Born a slave in Louisiana about 1855, Felix “Zero” Ervin would be forgotten today by everyone except his descendants were it not for historian John N. Cravens. Back in 1972, Cravens wrote a biographical sketch of the formerly enslaved African and his life story deserves recounting.
Ervin came to Texas following the Civil War Battle of Mansfield, Louisiana, in 1864. He and his family migrated and he lived in deep East Texas the rest of his life, working as a farmer.
One time Ervin got into an argument with a young white housewife for whom he had been chopping firewood, Cravens reported. The high-tempered woman picked up a large stick and threatened Ervin, who calmly retreated saying, “You might kill me, but you won’t eat me,” and walked away.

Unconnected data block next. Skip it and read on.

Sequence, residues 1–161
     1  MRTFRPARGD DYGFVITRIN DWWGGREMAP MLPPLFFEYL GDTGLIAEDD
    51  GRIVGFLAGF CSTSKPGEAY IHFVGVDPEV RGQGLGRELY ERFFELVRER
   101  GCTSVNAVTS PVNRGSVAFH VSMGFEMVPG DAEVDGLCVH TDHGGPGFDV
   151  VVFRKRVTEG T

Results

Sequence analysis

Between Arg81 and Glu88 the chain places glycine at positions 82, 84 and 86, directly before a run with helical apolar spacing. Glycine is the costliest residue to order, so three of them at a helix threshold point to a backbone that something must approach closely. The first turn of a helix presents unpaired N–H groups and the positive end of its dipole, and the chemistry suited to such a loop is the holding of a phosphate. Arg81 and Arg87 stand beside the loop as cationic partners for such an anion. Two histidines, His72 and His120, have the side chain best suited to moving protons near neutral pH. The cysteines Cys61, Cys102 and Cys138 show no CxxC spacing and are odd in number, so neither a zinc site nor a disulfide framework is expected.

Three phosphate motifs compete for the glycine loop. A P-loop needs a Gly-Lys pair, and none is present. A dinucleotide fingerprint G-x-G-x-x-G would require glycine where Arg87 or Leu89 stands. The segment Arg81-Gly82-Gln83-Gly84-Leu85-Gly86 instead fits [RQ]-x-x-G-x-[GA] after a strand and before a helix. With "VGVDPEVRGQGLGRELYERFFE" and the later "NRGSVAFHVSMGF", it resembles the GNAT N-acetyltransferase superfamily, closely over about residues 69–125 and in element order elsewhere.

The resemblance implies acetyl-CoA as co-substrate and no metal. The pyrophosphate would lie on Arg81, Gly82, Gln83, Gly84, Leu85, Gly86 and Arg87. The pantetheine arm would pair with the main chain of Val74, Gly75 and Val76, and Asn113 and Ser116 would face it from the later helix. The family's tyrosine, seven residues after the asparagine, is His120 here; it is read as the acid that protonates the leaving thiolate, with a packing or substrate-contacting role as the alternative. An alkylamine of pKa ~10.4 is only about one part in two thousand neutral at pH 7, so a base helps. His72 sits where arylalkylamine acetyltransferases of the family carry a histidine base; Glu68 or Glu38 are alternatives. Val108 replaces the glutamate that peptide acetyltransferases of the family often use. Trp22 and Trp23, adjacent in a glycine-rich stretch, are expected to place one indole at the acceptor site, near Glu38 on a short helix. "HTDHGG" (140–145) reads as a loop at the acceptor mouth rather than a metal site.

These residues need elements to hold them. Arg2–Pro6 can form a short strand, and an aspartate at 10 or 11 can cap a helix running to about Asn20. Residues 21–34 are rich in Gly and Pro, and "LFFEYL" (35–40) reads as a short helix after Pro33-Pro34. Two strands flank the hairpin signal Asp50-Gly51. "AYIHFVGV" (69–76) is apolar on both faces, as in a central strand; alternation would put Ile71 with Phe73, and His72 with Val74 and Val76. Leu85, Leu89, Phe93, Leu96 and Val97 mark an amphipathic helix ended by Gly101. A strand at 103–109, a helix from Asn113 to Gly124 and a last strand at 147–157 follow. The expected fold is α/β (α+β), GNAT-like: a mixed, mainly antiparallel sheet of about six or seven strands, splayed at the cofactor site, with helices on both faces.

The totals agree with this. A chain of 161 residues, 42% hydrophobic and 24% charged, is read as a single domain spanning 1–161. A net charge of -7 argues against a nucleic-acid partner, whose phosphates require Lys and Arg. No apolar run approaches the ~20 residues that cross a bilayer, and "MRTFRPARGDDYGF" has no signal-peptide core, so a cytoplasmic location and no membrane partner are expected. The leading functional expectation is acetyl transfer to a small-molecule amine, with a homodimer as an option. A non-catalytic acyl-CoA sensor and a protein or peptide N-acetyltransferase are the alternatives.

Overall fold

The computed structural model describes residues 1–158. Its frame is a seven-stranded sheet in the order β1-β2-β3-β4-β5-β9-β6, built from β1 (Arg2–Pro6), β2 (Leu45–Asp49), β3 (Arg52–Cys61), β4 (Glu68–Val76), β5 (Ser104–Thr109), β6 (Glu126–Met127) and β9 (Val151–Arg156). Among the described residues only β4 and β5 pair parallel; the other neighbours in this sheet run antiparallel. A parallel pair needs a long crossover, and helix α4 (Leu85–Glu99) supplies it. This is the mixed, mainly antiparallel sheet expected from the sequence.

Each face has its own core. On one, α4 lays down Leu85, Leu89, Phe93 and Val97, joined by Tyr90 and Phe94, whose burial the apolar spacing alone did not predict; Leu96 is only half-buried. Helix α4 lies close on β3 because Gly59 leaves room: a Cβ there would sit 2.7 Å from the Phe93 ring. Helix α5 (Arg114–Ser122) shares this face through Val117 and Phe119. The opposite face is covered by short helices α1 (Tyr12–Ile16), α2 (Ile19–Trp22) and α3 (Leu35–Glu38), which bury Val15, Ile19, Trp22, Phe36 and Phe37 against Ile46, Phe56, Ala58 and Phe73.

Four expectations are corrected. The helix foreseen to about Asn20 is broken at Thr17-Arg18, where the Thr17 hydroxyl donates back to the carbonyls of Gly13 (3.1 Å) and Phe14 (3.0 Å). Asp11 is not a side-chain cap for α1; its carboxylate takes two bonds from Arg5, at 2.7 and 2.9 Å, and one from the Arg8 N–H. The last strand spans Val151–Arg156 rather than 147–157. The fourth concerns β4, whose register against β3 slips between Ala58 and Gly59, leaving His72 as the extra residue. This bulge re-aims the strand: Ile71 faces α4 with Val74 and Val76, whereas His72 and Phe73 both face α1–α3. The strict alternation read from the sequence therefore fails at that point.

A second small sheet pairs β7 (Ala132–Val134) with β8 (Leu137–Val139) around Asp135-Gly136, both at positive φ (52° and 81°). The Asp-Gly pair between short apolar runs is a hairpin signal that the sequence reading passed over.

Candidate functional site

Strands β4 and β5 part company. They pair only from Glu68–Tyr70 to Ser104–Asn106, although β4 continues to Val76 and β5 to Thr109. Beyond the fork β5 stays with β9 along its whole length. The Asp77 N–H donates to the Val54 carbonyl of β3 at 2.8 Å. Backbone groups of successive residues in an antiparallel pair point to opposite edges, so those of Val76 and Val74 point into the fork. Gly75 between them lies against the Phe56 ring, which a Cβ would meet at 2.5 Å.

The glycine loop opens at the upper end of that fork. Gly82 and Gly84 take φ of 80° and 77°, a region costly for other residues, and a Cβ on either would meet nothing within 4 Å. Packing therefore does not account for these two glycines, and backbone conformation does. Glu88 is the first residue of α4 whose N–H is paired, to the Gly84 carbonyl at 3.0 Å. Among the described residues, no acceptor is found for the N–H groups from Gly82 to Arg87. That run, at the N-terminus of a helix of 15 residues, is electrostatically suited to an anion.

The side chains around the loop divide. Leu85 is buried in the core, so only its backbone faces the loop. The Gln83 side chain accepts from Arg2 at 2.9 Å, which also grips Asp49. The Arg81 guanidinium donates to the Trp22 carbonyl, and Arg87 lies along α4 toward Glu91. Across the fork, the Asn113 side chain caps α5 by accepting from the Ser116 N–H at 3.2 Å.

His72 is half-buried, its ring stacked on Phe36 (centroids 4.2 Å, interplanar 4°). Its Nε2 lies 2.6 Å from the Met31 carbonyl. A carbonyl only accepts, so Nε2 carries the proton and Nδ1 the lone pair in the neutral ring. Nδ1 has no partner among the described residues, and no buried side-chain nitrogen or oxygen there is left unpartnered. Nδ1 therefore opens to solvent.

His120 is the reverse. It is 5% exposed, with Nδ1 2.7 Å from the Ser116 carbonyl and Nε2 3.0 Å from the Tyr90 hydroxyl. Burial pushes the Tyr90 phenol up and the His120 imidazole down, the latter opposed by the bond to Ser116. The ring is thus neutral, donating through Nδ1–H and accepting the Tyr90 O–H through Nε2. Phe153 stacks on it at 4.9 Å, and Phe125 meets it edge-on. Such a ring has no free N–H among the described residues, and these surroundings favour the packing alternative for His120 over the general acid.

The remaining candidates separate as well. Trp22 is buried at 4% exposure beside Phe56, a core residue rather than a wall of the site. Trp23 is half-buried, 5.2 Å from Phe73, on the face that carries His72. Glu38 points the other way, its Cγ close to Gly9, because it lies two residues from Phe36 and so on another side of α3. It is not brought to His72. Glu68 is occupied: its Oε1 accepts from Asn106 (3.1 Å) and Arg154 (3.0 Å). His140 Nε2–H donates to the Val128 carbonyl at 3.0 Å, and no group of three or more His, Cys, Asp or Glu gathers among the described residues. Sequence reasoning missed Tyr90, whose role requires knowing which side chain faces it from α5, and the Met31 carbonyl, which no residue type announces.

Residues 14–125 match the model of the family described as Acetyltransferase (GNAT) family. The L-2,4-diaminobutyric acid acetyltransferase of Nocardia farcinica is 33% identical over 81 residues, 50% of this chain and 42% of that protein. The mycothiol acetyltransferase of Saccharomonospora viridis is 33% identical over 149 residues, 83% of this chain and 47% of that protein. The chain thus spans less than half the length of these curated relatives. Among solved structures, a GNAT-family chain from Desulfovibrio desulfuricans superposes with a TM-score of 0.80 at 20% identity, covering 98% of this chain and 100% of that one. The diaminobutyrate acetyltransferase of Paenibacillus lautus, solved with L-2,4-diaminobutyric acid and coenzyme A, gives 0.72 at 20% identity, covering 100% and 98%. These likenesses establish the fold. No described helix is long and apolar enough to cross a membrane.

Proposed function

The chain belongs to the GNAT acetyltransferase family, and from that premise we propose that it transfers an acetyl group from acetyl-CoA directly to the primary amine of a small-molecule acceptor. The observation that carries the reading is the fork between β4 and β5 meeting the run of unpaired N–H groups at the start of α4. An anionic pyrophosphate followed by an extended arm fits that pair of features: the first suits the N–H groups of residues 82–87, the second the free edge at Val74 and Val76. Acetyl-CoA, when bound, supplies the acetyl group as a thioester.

He later returned to cutting up a huge pile of firewood. Then, according to Cravens, “He sat on the chopping block until the housewife called him for his breakfast,” ending the feud.
As he aged, Ervin began to suffer from rheumatism. He was at his daughter Clara’s home when he passed away from pneumonia on August 16, 1936. His mortal remains found rest outside the New Center Prospect Baptist Church in Angelina County, alongside those of his wife. Today their graves may be found there, marked by a single thin piece of plain marble, surrounded by persimmon sprouts and tall grass.